Skype is working on a 3D video calling feature, although it could take many years before the device is launched.
Microsoft's instant messaging and video-calling service is working on technology involving multiple cameras being connected to the computer.
Microsoft Skype corporate vice-president Mark Gillett, in an interview with the BBC, said that Skype's labs has been doing work on both 3D capture and 3D display of video calls
"We've seen a lot of progress in screens and a lot of people now buy TVs and computer monitors that are capable of delivering a 3D image," Gillett said.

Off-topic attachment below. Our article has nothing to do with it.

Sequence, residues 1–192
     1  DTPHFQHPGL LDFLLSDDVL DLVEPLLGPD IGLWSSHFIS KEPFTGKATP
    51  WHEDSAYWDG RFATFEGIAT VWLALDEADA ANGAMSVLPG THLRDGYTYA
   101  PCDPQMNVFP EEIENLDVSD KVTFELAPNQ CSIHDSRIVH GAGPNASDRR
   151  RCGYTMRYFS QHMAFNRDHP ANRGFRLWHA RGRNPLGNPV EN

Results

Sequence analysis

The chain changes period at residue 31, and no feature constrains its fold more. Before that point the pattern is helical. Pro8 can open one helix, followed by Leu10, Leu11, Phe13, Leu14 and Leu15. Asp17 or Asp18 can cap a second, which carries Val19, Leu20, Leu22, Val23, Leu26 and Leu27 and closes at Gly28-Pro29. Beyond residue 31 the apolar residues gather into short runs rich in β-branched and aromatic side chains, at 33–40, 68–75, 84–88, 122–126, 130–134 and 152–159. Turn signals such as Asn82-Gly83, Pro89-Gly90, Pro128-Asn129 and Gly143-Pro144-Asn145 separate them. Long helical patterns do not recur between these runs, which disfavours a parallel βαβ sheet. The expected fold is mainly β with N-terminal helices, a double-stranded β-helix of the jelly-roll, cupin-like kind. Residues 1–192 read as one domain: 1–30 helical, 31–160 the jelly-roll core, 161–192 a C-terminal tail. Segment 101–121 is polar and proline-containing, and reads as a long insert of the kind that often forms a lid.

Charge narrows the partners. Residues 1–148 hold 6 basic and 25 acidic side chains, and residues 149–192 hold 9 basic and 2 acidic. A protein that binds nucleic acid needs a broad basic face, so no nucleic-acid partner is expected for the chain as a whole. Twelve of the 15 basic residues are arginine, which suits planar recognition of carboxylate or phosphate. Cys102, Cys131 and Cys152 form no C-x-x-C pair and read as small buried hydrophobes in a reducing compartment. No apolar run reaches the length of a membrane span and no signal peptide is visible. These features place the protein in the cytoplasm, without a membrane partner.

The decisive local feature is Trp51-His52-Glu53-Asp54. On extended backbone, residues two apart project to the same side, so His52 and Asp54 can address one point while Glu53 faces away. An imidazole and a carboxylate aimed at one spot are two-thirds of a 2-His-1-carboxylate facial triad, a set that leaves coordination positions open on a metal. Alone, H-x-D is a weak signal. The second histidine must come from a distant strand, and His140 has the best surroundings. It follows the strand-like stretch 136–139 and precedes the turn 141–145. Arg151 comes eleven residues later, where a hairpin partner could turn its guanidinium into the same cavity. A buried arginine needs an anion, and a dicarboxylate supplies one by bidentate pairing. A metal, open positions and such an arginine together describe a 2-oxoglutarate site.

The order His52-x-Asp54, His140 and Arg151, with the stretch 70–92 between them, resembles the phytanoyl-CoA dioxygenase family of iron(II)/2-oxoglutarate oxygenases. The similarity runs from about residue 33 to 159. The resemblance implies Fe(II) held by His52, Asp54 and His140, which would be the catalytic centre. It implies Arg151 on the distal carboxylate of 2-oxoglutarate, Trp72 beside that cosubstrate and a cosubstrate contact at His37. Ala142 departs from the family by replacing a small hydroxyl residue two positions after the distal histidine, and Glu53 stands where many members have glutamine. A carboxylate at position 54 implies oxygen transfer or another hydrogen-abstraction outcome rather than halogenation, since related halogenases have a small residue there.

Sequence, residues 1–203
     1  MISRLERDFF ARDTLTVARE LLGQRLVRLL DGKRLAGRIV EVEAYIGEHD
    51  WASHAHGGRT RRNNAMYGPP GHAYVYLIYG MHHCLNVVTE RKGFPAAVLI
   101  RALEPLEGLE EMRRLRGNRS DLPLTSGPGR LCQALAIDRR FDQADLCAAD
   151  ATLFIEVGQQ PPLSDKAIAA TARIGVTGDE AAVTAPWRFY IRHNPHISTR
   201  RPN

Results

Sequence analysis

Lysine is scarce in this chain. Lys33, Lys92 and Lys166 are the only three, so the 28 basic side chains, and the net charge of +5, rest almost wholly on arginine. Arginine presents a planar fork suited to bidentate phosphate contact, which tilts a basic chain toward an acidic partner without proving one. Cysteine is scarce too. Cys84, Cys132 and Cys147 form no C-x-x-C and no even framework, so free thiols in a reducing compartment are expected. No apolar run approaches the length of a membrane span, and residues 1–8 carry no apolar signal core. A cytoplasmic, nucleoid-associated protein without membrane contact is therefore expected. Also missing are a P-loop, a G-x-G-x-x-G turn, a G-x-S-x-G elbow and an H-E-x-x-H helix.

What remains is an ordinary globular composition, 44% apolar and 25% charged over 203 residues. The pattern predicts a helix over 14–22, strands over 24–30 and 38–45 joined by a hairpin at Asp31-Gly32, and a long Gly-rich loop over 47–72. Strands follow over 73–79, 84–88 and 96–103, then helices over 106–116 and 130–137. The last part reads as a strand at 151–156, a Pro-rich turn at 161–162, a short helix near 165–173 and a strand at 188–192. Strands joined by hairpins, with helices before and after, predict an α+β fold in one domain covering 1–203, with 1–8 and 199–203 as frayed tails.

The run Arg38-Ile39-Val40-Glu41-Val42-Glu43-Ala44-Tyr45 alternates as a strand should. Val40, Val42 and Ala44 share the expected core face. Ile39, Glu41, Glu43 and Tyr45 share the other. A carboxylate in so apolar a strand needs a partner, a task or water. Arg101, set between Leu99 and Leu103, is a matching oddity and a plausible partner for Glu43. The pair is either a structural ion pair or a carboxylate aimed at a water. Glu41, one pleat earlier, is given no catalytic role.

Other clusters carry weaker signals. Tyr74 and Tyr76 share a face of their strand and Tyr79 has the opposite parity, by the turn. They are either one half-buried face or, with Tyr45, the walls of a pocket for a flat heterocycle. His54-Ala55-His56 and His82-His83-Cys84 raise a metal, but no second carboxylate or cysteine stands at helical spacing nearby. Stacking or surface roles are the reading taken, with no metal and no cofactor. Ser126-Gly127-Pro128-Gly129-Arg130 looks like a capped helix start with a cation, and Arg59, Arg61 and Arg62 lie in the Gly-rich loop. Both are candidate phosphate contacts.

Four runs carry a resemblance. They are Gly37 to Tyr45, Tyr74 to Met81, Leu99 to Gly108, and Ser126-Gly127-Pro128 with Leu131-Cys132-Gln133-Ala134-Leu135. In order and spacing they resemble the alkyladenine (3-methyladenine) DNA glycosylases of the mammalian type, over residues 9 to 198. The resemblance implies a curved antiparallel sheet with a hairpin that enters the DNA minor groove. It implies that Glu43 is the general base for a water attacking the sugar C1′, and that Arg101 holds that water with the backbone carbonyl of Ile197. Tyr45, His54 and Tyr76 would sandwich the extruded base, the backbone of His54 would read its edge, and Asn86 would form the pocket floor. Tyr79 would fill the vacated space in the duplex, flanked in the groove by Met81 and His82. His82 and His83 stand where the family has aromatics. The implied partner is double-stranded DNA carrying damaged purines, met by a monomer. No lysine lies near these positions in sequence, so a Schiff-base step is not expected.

"But the capture devices are not yet there. As we work with that kind of technology you have to add multiple cameras to your computer, precisely calibrate them and point them at the right angle.
"We have it in the lab, we know how to make it work and we're looking at the ecosystem of devices and their capability to support it in order to make a decision when we might think about bringing something like that to market."
In June 2013, Skype released a video messaging service for Windows desktop, Windows 8, Mac, and its mobile users for iPhone, iPad, Android and BlackBerry.
The new feature allows users to send recorded video messages to friends that can be played when they come online.